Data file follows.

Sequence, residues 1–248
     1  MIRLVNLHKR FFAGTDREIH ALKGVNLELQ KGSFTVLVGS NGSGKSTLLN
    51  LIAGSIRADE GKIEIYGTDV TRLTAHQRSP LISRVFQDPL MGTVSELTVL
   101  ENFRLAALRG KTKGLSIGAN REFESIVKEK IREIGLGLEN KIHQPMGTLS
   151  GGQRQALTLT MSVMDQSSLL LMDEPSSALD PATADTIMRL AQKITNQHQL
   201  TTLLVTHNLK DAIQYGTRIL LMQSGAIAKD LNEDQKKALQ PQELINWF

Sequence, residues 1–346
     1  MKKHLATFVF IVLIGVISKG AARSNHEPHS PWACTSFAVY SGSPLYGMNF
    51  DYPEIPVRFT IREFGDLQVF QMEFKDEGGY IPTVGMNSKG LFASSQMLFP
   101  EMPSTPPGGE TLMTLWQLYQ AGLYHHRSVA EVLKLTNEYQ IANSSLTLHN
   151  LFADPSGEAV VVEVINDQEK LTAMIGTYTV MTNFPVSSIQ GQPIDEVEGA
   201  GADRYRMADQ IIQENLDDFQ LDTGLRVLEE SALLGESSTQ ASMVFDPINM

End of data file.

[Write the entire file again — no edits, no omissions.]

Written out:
Sequence, residues 1–248
     1  MIRLVNLHKR FFAGTDREIH ALKGVNLELQ KGSFTVLVGS NGSGKSTLLN
    51  LIAGSIRADE GKIEIYGTDV TRLTAHQRSP LISRVFQDPL MGTVSELTVL
   101  ENFRLAALRG KTKGLSIGAN REFESIVKEK IREIGLGLEN KIHQPMGTLS
   151  GGQRQALTLT MSVMDQSSLL LMDEPSSALD PATADTIMRL AQKITNQHQL
   201  TTLLVTHNLK DAIQYGTRIL LMQSGAIAKD LNEDQKKALQ PQELINWF

Sequence, residues 1–346
     1  MKKHLATFVF IVLIGVISKG AARSNHEPHS PWACTSFAVY SGSPLYGMNF
    51  DYPEIPVRFT IREFGDLQVF QMEFKDEGGY IPTVGMNSKG LFASSQMLFP
   101  EMPSTPPGGE TLMTLWQLYQ AGLYHHRSVA EVLKLTNEYQ IANSSLTLHN
   151  LFADPSGEAV VVEVINDQEK LTAMIGTYTV MTNFPVSSIQ GQPIDEVEGA
   201  GADRYRMADQ IIQENLDDFQ LDTGLRVLEE SALLGESSTQ ASMVFDPINM